A $2.25-million public art piece is in the works for the grounds of Calgary’s expanded BMO Centre.
The Calgary Municipal Land Corporation and the Calgary Stampede announced Wednesday that the large-scale public artwork at the BMO Centre’s new plaza will be produced by U.K. artist Gerry Judah.
The steel sculpture is called Spirit of Water and will stand about 21 metres (70 feet) and weigh 50,800-kilograms (112,000 pounds).
The BMO Centre in Stampede Park is undergoing a major expansion, and is slated to open in time for Stampede in 2024. The convention centre will feature exhibition halls, a grand foyer and two massive ballrooms — about 50,000 and 20,000 square feet — which will become the biggest and second biggest in Alberta.
This installation will be a focal point of the BMO Centre’s outdoor plaza, set to be twice the size of Olympic Plaza. The Spirit of Water is being fabricated in the United Kingdom and it will be shipped to Calgary and installed with the local support of heavy industries.
Kate Thompson, president and CEO of the Calgary Municipal Land Corporation (CMLC), said they had more than 200 artist proposals, and the final project was selected by a volunteer jury.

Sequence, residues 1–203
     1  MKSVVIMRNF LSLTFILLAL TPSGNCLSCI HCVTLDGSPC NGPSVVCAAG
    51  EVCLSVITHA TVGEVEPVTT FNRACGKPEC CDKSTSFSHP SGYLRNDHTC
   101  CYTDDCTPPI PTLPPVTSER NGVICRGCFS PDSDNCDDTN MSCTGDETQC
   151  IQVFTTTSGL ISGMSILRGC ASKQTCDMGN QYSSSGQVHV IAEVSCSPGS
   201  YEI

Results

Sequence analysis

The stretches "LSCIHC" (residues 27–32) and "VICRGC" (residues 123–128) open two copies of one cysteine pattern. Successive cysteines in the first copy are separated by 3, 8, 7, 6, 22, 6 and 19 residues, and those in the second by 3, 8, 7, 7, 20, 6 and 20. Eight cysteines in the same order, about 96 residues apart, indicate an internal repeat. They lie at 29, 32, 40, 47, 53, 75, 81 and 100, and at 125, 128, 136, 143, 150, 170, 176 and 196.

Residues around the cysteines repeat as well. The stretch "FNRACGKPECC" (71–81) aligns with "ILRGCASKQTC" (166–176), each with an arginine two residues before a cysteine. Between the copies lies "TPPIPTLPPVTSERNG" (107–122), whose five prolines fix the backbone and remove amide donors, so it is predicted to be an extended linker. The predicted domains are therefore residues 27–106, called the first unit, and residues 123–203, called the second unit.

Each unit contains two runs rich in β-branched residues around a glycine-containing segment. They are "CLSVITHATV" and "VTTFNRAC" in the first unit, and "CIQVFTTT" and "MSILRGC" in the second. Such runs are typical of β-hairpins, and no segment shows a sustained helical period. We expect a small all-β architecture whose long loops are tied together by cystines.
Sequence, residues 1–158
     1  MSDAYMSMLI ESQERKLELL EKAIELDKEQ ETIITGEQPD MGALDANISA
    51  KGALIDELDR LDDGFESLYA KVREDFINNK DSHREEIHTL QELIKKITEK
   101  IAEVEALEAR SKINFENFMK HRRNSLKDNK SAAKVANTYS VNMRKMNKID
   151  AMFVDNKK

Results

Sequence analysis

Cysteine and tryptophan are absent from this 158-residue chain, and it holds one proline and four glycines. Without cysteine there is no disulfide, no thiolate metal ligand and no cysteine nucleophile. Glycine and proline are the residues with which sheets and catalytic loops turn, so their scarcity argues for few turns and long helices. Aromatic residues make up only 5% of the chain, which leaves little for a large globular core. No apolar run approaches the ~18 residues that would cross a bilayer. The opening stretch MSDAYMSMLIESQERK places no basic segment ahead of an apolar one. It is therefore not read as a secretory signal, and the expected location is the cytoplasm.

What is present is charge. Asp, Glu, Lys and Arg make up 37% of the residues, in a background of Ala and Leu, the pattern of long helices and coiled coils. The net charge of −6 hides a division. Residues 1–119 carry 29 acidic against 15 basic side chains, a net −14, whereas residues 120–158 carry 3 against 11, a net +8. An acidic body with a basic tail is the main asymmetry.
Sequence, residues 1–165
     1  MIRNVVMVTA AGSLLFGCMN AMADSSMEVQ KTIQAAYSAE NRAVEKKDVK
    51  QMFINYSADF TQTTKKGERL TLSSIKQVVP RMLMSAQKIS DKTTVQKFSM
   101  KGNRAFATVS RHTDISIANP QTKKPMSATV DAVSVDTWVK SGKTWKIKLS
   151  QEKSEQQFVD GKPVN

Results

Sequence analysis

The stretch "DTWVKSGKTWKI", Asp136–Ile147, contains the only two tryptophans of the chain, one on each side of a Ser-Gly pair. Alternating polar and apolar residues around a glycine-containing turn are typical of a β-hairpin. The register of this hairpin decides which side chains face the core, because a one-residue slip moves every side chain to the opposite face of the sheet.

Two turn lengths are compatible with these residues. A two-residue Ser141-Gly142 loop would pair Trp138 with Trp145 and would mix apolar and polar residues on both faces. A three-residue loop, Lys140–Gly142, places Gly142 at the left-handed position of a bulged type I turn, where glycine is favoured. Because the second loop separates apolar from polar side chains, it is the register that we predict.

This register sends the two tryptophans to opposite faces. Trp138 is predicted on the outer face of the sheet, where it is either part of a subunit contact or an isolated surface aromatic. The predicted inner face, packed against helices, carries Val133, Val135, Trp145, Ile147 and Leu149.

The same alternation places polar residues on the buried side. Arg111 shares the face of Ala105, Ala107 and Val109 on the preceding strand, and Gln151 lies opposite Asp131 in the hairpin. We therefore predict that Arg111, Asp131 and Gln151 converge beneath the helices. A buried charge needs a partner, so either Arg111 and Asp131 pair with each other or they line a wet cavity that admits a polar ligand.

The budget was guided by the City of Calgary’s policy for funding, acquisition and management of public art in Calgary, and includes all fees, expenses, fabrication costs, delivery and installation.
Calgary Mayor Jyoti Gondek said she thinks such pieces are an important step toward amplifying Calgary’s downtown cultural arts and entertainment identity.
“I think pieces like this are finally starting to demonstrate that if you want to be a city that people feel welcomed in, that people want to visit, that people are proud to live in. It requires the beauty of public art,” she said.
Judah has created many public artworks over his career, including large-scale pieces for festivals, museums and public realms in the U.K., United States, New Zealand and United Arab Emirates.
He said he was drawn to the project because of the dramatic space created by the BMO Centre.
“For me, that needed a very dramatic response. I wanted to make something that had an international and important statement. So I chose water as a central theme because of its enormous power and universality,” he said.
“It further remains as one of the most important elements of nature and one that continues to hold its importance, both as a physical object and as a symbolic representation of various universal concepts.”
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